Chris Damiani is a pretty sick artist with a ton of talent and future potential. He also snowboards pretty well too and has been known to steal his fashion sense from some Breckenridge locals from time to time. Last year when the new site lay out dropped there was one noticeable focal point that everyone was captivated by, the logo. He was the mastermind behind it and here’s what he has to say about art and snowboarding.
Angry Snowboarder: Sup you little hipster you. If you’re down for that interview, answer these questions and we’ll get it going.
Chris Damiani: Hang on, gotta grab my interview v-neck.
AS: When I approached you to make my logo and gave you some ideas of what I want- ed where did you draw inspiration from to create it?
CD: I looked at the words itself for a while. “Angry Snowboarder.” The word angry has so much potential behind it, combine that with a snowboarder and you get some cool imagery. I just tried to gather images of riders, both snow and skate breaking their boards or generally getting pissed off. Picture the “fall” section of a video. Or Mikey Leblanc.
AS: How heavily is your artwork influenced by snowboarding?
CD: Back in high school the only thing I would ever draw was snowboard imagery. It’s not like that anymore, but my work is definitely influenced by the culture we live in. We (snowboarders) are experimental, we take risks, we try to push the boundar- ies of what is capable. Where I’m working now, at JDK, I’m surrounded by amazing artists who create the boards we’re riding, so I’m constantly being influenced. I feel that snowboarding and skiing has a certain aesthetic to it, and that is definitely part of the mix. Where are you at right now and what projects do you have in the mix? I’m currently at JDK Design in Burlington, VT trying to get myself a full-time posi- tion. While here I’ve been working on some stuff for Forum, Giant Bicycles, and Merrell Footwear. I’ve been doing solo work for some good people out in Portland, called The Program (not Forum). Also just started up a project with Pat Morgan (Skeletor) that I’m sure you will be seeing plenty more of in the very near future.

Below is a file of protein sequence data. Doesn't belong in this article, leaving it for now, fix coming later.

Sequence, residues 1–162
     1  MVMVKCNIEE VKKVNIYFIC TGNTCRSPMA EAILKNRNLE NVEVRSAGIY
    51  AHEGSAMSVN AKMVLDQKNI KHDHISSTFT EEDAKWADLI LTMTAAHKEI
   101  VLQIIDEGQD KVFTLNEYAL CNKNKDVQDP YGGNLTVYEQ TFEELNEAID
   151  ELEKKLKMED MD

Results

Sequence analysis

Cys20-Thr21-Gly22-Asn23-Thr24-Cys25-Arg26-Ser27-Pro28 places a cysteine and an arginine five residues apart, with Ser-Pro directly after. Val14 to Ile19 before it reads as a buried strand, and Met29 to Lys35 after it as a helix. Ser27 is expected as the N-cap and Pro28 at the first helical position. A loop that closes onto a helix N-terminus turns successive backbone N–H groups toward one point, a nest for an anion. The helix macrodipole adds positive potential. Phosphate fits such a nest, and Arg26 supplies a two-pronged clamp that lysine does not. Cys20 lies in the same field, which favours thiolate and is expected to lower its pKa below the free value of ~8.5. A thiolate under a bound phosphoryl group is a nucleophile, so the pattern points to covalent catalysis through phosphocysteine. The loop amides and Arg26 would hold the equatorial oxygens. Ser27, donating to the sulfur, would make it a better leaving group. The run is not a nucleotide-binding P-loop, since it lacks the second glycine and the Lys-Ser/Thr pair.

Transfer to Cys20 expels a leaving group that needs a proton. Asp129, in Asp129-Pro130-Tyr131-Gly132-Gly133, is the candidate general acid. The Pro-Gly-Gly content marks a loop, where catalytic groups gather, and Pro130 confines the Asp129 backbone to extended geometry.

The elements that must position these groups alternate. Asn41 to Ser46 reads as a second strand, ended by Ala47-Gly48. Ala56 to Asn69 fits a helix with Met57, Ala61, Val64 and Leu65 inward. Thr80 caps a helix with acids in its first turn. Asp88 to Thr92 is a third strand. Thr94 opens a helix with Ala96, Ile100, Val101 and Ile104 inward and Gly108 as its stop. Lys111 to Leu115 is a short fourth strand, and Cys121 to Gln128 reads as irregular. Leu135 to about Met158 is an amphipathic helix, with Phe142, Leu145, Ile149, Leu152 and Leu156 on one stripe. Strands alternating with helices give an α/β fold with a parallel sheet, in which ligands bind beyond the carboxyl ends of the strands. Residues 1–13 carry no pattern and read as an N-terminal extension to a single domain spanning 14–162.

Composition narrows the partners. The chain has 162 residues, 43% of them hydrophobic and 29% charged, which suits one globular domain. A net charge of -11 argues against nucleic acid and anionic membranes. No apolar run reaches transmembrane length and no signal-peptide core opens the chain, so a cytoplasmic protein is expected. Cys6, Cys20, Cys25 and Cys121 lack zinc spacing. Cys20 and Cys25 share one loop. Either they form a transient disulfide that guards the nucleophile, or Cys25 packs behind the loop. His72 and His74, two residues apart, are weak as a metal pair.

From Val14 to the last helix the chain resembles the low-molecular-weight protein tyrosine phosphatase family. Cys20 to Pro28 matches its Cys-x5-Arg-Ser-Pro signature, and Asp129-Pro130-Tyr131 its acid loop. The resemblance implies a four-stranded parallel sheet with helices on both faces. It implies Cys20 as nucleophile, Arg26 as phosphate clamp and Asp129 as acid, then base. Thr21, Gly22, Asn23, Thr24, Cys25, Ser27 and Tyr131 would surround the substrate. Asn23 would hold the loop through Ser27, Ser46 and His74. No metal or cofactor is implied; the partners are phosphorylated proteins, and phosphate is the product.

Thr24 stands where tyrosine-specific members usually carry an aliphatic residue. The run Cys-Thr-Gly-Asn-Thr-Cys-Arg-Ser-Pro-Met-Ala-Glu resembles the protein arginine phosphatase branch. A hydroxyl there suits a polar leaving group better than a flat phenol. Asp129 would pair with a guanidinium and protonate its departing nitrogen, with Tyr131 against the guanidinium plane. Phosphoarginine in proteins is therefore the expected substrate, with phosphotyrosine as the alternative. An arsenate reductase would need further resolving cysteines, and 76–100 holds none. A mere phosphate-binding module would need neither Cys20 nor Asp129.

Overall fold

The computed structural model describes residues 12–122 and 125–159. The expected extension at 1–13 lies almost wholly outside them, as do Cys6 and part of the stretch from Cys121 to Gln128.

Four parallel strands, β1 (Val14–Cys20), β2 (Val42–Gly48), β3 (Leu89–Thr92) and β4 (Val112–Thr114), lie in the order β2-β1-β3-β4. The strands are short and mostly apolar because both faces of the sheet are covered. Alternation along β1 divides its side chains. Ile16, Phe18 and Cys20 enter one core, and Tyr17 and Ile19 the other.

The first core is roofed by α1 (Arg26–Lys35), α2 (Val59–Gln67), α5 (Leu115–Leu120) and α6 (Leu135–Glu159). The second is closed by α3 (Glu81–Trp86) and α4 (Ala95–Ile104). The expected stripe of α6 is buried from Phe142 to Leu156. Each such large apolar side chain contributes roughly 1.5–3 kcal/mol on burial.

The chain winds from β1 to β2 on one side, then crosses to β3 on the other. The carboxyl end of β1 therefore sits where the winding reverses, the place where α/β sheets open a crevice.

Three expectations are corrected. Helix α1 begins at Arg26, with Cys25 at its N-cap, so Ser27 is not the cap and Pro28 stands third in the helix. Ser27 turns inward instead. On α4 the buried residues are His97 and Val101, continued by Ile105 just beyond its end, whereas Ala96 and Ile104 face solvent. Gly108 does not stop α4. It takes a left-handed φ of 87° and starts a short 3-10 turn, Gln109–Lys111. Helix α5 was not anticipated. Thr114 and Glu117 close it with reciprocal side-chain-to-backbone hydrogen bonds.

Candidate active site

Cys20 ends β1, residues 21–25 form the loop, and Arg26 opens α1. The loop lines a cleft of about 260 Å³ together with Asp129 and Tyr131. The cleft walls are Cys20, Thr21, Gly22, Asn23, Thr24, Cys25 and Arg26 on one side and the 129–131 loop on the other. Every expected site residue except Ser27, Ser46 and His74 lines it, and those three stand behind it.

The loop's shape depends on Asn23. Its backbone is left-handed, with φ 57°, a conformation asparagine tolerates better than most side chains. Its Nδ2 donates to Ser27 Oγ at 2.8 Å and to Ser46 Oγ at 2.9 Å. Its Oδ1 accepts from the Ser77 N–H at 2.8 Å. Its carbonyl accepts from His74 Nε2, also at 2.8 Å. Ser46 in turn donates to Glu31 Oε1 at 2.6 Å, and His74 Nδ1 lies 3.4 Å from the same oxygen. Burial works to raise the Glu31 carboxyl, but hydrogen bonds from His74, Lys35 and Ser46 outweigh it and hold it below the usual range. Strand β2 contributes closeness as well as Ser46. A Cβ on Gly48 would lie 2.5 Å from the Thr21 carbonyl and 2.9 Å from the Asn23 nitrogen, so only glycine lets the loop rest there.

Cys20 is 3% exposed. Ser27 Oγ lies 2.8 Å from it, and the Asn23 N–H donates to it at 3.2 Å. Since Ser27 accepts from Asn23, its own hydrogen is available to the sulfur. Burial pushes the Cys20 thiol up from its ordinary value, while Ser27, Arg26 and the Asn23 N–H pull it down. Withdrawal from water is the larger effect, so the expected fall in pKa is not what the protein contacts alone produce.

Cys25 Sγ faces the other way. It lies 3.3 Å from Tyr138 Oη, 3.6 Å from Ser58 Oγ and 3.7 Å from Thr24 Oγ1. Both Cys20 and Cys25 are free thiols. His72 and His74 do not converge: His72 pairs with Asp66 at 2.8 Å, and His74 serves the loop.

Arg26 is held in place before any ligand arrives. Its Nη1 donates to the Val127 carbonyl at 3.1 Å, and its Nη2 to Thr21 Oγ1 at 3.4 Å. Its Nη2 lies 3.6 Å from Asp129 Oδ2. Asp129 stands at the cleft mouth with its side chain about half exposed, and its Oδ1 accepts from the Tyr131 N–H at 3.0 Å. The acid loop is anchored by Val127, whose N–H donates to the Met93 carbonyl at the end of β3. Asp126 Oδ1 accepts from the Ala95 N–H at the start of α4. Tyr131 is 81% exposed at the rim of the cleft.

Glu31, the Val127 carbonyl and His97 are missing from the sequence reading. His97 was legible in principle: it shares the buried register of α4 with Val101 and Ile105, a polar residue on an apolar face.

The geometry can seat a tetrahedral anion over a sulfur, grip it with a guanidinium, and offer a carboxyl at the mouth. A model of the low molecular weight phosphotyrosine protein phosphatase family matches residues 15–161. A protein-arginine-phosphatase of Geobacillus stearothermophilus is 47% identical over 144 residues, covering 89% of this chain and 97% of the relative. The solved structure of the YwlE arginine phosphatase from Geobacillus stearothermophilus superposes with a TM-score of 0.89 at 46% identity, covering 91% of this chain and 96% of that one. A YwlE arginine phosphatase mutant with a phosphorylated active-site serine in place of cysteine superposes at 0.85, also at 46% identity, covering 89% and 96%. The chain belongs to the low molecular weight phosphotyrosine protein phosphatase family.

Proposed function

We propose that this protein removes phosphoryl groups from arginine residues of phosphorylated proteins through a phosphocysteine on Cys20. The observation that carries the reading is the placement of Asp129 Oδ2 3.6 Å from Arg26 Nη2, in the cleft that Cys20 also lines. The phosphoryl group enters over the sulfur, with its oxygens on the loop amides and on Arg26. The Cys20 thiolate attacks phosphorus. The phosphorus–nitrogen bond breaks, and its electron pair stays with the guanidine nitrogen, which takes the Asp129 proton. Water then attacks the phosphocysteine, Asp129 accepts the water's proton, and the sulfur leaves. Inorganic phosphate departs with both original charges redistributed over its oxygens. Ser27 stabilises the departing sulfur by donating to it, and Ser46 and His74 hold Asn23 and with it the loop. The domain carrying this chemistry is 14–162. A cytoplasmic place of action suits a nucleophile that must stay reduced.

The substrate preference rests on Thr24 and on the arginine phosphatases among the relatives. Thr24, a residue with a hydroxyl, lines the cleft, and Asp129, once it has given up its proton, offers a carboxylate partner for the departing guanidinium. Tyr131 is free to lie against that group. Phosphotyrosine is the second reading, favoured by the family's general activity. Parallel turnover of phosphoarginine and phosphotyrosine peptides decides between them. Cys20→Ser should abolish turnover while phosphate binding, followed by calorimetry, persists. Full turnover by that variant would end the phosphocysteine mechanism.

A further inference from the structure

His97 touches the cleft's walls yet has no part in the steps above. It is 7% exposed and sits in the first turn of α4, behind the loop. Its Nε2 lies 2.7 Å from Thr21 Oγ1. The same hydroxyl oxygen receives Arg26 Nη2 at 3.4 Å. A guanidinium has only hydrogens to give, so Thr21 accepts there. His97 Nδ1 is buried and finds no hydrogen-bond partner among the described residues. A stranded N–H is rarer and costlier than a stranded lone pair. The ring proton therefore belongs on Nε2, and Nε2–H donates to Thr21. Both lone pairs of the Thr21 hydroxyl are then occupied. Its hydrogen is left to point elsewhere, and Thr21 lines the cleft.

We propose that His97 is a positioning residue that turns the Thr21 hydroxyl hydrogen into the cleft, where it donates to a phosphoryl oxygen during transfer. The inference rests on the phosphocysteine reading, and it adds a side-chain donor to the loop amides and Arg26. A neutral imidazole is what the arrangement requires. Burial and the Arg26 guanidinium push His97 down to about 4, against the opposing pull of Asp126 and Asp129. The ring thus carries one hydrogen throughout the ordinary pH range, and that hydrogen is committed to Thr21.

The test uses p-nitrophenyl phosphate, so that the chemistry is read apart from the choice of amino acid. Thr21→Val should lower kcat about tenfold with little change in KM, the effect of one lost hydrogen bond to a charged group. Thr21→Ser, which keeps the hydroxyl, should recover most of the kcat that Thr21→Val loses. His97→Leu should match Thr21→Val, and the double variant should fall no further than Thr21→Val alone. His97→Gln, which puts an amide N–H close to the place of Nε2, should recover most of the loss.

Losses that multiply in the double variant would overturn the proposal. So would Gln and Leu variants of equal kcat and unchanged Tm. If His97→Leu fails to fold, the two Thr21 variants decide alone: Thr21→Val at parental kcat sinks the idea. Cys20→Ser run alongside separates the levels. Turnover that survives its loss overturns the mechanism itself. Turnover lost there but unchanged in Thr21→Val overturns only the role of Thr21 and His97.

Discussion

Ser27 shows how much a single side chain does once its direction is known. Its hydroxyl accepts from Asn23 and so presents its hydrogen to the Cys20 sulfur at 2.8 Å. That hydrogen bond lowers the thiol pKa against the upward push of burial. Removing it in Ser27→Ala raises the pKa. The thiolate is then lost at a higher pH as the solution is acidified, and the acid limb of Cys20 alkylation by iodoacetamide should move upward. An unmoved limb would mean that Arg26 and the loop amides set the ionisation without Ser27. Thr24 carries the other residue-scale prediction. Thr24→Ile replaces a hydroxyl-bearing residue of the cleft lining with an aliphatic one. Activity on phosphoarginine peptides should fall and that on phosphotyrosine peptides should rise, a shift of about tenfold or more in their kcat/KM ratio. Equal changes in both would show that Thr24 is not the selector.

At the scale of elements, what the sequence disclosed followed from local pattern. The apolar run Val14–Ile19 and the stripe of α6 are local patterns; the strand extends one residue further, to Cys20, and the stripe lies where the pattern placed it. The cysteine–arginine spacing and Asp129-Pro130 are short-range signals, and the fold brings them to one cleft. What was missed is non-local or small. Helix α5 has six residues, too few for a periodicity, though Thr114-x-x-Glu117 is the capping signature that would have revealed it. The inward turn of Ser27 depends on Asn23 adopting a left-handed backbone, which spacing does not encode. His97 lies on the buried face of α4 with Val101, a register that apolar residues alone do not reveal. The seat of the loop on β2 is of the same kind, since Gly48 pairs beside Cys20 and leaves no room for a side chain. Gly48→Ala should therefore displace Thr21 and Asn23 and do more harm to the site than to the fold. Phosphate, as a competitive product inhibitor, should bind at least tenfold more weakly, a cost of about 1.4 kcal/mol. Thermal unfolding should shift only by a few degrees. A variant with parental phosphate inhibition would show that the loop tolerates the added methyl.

AS: Is it true you have a chrome bag and have been known to ride fixie bikes in tight pants and fedoras?Does this give you creative inspiration from the hipster gods?
CD: I do indeed have a chrome messenger bag, and I swear by it. That shits the real deal man, no shame in sporting one at all. However I do not ride a fixie, I enjoy having breaks and gears, as Burlington is pretty fucking hilly. Tight pants yes. Don’t want that shit caught in your crank.
AS: So who are some of your influences in your design work and who do you want to work with in the future?
CD: I take a lot of influence from street art. I’m a huge fan of Banksy and Shepard Fairey. Not because they’re popular right now, but because they are the absolute masters of communication. They can take a complex idea and turn it into the simplest juxta- position that will blow your mind. Also, the grittiness of street art just feels more “real” to me then typical graphic design. It exists in our environment whether we choose to see it or not. Right now I’m pretty stoked on JDK, its a good firm. I do have a strong interest in Nemo Design, and perhaps if Draplin (Union, Coal) ever decided to let people work for him, that’d be pretty fucking rad. In the long run of things, I would like to do my own thing someday.
AS: Any up and coming artists other than yourself people should keep an eye out for?
CD: To be completely honest I’m fairly out of touch with the art world. I can’t pinpoint any specific people, but I’d say The Program out of PDX has some good things hap- pening. On a much broader scale, I’m not ashamed to say that my home town Buf- falo has an art/design scene that I see blowing up within the next few years.